Does anybody have an idea of when the drum sander will be up and running?
As soon as possible. I have to remake a shaft then line bore the case for true alignment of the bearings.
You should hold a class to teach woodworkers how to machine that
‘A woodworker’s hands are lean and nimble, his brains would fit inside a thimble’. - Paraphrased from a disagreement between a Mason’s Guild and a Carpenter’s guild in the 18th century.
Zach, it will be ready for use right after your project is completed. We all understand this unwritten rule. The good ole Rotex can do anything this drum sander can. Just requires a bit more skill and attention while using it.
Actually, no it isn’t. That’s the problem. I had to level out the cutting board on the slab mill, and I think that did something to the surface, because even after almost an hour with an 80 grit pad the other night, there is literally no difference. I checked with the vacuum off, and I’m not even creating any sawdust.
The Rotex without a doubt is very aggressive. Sure about the paper you were using? Start with 80 or less.
100% on the paper. I triple checked after the first 20 minutes of no difference. And 80 grit is the lowest we have there
We will take a look
The Estimated Time of Arrival of a DMS Drum Sander is 11.20492 microseconds before the Estimated Time of Death. So if you can effectively estimate when it will next be down, you’ll be able to figure out when it will be working again.
And the lathe and bridgeport shall become as the drum sander.
I just used the rotex and 80 grit this evening to clean up some planer snipe and it chewed through maple and purple heart.
Im happy to report that the drum sander is now functional.
I remanufactured the part last night & today.
More RFID access for tools covered in Woodshop basics or other training classes is always a good thing, IMO, but more gatekeeping is not. This is not that unsafe of a tool nor one that is that difficult to use. It does seem to be more fragile of a tool, in general, than some of the other high use tools we have. Do we feel the problem with this particular tool is the amount of use, or amount of abuse?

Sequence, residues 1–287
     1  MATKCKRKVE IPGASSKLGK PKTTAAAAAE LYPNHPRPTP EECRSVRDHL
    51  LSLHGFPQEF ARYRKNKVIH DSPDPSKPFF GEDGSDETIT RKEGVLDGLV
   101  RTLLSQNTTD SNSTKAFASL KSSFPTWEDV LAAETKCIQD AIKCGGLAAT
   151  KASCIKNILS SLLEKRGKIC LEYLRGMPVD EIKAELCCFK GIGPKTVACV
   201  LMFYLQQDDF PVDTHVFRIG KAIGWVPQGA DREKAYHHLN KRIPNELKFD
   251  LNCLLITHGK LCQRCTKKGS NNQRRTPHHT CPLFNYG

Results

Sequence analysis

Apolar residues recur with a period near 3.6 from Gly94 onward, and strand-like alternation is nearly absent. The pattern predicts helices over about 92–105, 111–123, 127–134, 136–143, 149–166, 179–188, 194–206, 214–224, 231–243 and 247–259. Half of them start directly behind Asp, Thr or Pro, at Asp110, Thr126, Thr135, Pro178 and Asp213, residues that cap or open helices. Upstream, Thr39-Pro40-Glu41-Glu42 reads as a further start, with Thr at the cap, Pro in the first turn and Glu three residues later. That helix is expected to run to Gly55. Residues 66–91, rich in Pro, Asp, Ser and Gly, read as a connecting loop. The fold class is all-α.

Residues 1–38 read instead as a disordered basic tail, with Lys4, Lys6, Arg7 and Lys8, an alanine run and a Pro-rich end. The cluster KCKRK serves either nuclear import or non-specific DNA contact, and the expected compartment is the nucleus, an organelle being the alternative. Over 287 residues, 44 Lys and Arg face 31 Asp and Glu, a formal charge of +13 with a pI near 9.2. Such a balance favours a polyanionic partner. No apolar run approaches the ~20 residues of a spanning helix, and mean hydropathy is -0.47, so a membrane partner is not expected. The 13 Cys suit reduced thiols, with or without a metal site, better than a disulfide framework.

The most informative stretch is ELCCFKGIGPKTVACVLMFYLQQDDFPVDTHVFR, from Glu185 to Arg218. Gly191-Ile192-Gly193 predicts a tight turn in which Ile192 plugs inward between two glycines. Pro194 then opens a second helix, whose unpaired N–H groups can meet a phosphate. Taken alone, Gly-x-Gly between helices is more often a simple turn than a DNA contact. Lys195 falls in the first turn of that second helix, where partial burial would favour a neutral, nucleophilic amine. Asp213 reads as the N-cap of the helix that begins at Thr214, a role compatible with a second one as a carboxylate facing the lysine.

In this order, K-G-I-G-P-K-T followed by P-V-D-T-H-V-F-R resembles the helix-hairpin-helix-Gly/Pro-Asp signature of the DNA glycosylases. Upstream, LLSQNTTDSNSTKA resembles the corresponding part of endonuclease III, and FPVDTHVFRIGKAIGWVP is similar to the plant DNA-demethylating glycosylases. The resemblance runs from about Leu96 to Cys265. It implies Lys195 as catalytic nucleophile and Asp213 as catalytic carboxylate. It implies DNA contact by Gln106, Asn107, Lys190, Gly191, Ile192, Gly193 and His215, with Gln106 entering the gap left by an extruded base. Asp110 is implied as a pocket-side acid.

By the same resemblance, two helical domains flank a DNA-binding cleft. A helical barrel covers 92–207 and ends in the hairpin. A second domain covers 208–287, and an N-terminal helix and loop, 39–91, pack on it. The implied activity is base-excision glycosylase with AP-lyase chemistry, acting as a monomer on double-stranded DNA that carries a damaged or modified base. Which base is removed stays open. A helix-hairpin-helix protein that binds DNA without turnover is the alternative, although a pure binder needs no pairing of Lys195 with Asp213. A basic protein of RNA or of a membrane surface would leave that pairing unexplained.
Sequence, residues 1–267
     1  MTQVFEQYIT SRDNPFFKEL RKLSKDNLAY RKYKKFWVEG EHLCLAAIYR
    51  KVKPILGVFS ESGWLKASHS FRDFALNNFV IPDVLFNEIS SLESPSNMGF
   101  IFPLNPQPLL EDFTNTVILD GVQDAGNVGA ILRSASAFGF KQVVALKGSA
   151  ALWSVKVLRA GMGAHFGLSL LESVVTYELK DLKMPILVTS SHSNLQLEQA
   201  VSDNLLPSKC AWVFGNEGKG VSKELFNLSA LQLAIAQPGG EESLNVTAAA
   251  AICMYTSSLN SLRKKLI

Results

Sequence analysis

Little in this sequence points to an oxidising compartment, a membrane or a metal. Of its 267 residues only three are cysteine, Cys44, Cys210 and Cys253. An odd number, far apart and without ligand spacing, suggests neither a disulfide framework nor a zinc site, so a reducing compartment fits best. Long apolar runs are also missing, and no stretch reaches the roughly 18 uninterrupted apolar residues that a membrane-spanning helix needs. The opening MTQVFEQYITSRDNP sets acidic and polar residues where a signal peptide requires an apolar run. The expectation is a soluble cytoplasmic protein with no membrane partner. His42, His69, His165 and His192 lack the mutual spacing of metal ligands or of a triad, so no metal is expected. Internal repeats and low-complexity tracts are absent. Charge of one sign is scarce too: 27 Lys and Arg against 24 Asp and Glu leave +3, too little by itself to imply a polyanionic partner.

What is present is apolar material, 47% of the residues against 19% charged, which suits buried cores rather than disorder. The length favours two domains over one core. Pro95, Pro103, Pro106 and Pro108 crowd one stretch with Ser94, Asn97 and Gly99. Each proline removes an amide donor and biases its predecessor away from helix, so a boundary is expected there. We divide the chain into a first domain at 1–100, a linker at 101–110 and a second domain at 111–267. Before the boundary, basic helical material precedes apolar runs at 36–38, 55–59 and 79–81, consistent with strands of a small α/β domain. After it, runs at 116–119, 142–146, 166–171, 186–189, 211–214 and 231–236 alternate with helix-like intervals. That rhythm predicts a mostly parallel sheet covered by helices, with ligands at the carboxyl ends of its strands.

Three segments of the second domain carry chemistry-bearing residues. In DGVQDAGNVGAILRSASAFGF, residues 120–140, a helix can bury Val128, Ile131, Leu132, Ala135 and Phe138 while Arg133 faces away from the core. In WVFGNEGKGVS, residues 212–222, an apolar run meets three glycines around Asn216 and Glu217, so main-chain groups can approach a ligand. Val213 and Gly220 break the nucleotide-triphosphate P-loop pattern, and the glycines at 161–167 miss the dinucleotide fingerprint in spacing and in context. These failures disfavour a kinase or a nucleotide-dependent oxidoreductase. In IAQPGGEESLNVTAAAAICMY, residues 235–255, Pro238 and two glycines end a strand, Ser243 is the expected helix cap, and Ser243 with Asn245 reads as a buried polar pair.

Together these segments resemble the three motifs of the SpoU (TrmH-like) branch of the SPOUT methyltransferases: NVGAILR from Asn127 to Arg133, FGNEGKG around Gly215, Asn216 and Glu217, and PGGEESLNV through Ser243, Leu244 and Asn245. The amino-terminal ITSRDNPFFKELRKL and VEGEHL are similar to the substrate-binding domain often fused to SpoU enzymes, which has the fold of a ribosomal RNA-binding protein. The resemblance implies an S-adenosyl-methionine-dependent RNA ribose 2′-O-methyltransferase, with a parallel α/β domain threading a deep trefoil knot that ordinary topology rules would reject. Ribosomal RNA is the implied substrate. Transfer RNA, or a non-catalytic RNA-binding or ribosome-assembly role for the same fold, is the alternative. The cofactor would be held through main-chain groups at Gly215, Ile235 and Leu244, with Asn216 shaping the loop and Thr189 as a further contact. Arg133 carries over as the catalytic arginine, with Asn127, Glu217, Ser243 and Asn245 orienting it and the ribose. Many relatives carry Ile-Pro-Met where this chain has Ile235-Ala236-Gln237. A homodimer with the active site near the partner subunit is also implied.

The real issue seems to be, if I have been tracking over time correctly, is that getting parts from Powermatic and/or just fixing the thing when it does inevitablly go down* takes an inordinate amount of time so that even one general breakage issue, e.g. electronics go kaput, might end up having it out of commission for weeks or more.
If there any options for North American made drum sanders, e.g. like OneWay or Robust in the wood lathe world, we should explore, IMO.
Many thanks to Tim, Andy, H.B, etc. for jumping into the breach when these things need fixing!
My mom used to leave Post-it type notes on refrigerator with various bits of information for us kids. I don’t want to become my mother, and little notes stuck to a machine is not a good look, but the most common misuse of this machine is someone doing too heavy a sanding pass.
Emphasizing one simple instruction informing them to go lightly, might be all that is needed.
I have fought with changing the sandpaper in that machine, it is a “B”. I don’t think the average person using it can or would change it, even if trained.
The taking too deep a pass issue will be resolved. We will be adding a resettable breaker to the sander that will disengage the feed belt drive motor when too deep a pass is attempted. The side effect will be that the wood slab could be half-way in the machine when the belt stops advancing and the drum will keep on sanding to the requested depth. Could be that a nice round trench will be carved into the surface. You will find that I will zealously protect both machinery and volunteer’s time investment from poor membership behavior. Adhere to proper woodshop behavior and enjoy all the shop has to offer, otherwise I guess those non-conforming members will encounter gate keeping as you like to use the term. It isn’t an all you can break membership, and it certainly isn’t tear things up and expect a very small team to use their precious time to repair the breakage.
We are actively exploring other sanding solutions that aren’t reliant on Chinese parts.
I’ve no issue with holding people responsible somehow for abuse of tools. The gatekeeping term is in regard to requiring additional “special” training IF training isn’t really the issue. You tend to assume the worst in DMS users because you are at a higher skill level and also have more skin in the game as you depend on the tools for your job. The drum sander is no more difficult to use than the planer, but goes down far more often…right? And it only take one person out of N to create a long-term outage for that tool… additional special training isn’t going to solve that “1 out of N” issue.
Seems to me that if most frequent cause of drum sander downtime is too deep of a pass/cut, then emphasizing that specifc point in Woodshop Basics would seem to be the most direct solution.
And to @jeffhess point, maybe how to change the paper, although that issue should be resolved with better understanding of the management of depth of cut and also emphasincing use rubber eraser on the belt before, after, and during use
Thank you, HB and Jeff Hess for the amount of time you have put into bringing the sander back to life.